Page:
The Centers for Disease Control and Prevention advisory committee also approved a COVID-19 booster shot for people who are immunocompromised. That booster shot is only for the immunocompromised who received Pfizer or Moderna vaccines.

Jackson County Health Officer Dr. Christopher Bunce said he expects a COVID-19 booster shot to be available for everyone 18 and older in the near future.

Once that is approved, he said the booster shot can be received eight months after the person received their second shot of the Pfizer or Moderna COVID-19 vaccines.

While Jackson County is currently classified as a level 2.5 county and an orange level threat by the Indiana State Department of Health, Bunce said he considers the county to be in the red.

The state calculates those metrics by looking at the percentage of positive tests in addition to the case rate per 100,000 people per week.

In Bunce’s opinion, he said case rate is more important, and the county is a red level threat considering that parameter.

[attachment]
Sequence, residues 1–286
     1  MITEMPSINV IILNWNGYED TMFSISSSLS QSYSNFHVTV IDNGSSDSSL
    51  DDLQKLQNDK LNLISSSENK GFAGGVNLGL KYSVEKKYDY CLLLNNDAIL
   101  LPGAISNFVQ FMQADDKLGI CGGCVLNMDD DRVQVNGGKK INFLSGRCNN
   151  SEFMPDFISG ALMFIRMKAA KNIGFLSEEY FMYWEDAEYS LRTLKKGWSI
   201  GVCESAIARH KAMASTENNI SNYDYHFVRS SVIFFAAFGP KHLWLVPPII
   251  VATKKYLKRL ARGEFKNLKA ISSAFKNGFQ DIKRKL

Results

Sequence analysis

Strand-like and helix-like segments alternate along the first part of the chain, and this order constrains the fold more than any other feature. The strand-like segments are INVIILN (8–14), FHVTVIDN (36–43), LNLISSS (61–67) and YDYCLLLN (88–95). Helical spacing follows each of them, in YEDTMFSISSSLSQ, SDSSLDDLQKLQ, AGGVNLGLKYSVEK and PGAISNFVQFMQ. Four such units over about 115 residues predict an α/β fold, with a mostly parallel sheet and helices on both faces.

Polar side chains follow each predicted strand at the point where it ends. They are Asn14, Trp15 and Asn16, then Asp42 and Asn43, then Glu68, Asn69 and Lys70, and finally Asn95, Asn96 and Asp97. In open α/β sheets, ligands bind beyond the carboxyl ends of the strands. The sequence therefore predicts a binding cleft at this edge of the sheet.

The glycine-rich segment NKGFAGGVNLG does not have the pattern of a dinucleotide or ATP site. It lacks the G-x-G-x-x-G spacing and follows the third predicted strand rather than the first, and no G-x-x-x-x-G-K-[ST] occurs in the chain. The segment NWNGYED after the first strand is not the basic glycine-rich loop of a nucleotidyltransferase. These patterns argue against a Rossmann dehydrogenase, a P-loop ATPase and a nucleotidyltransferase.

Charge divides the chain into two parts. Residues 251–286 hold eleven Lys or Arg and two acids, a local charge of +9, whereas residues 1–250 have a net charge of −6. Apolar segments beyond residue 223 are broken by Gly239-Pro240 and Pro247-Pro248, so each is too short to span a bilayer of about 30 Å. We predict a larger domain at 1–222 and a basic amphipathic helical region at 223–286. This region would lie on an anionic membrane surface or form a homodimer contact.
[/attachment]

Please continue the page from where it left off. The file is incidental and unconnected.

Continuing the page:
On July 4, the county’s case rate was only seven per 100,000. Currently, it’s 457.

Fish said while Schneck’s vaccine clinic closed in July, the hospital’s pharmacy is accepting walk-ins for people to receive the COVID-19 vaccine. The pharmacy is open Monday through Friday from 8 a.m. to 4 p.m. Vaccines also are being administered at all of Schneck’s primary care clinics.

Other places in Jackson County that offer the COVID-19 vaccine include the health department and Walmart, CVS and Walgreens pharmacies.

Fish also said the hospital’s Regeneron clinic has done a total of 800 monoclonal antibody infusions, and 270 of those have been in August.

Regeneron is the brand name for a monoclonal antibody infusion treatment that uses two synthetic antibodies to fight off infection.

Indiana is expected to see its COVID-19 hospitalization peak in approximately five to six weeks, Fish said.

Due to COVID-19 hospitalizations and staffing issues, Fish said nearby hospitals in other counties have been suspending surgeries for two weeks.